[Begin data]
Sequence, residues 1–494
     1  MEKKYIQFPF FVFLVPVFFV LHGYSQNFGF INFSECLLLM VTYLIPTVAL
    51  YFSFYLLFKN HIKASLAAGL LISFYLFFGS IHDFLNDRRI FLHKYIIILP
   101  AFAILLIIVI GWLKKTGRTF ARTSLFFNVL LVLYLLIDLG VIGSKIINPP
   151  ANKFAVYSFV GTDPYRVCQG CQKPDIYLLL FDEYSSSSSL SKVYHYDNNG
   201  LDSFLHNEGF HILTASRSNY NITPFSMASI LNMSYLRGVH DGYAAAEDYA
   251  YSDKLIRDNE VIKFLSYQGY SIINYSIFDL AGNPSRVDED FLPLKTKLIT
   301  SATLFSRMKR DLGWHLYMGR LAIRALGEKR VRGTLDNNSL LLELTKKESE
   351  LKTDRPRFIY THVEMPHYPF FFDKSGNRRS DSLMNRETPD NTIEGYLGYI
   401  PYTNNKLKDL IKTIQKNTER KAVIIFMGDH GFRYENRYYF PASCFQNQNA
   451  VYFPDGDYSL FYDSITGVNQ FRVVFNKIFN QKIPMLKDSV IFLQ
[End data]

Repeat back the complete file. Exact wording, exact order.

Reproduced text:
Sequence, residues 1–494
     1  MEKKYIQFPF FVFLVPVFFV LHGYSQNFGF INFSECLLLM VTYLIPTVAL
    51  YFSFYLLFKN HIKASLAAGL LISFYLFFGS IHDFLNDRRI FLHKYIIILP
   101  AFAILLIIVI GWLKKTGRTF ARTSLFFNVL LVLYLLIDLG VIGSKIINPP
   151  ANKFAVYSFV GTDPYRVCQG CQKPDIYLLL FDEYSSSSSL SKVYHYDNNG
   201  LDSFLHNEGF HILTASRSNY NITPFSMASI LNMSYLRGVH DGYAAAEDYA
   251  YSDKLIRDNE VIKFLSYQGY SIINYSIFDL AGNPSRVDED FLPLKTKLIT
   301  SATLFSRMKR DLGWHLYMGR LAIRALGEKR VRGTLDNNSL LLELTKKESE
   351  LKTDRPRFIY THVEMPHYPF FFDKSGNRRS DSLMNRETPD NTIEGYLGYI
   401  PYTNNKLKDL IKTIQKNTER KAVIIFMGDH GFRYENRYYF PASCFQNQNA
   451  VYFPDGDYSL FYDSITGVNQ FRVVFNKIFN QKIPMLKDSV IFLQ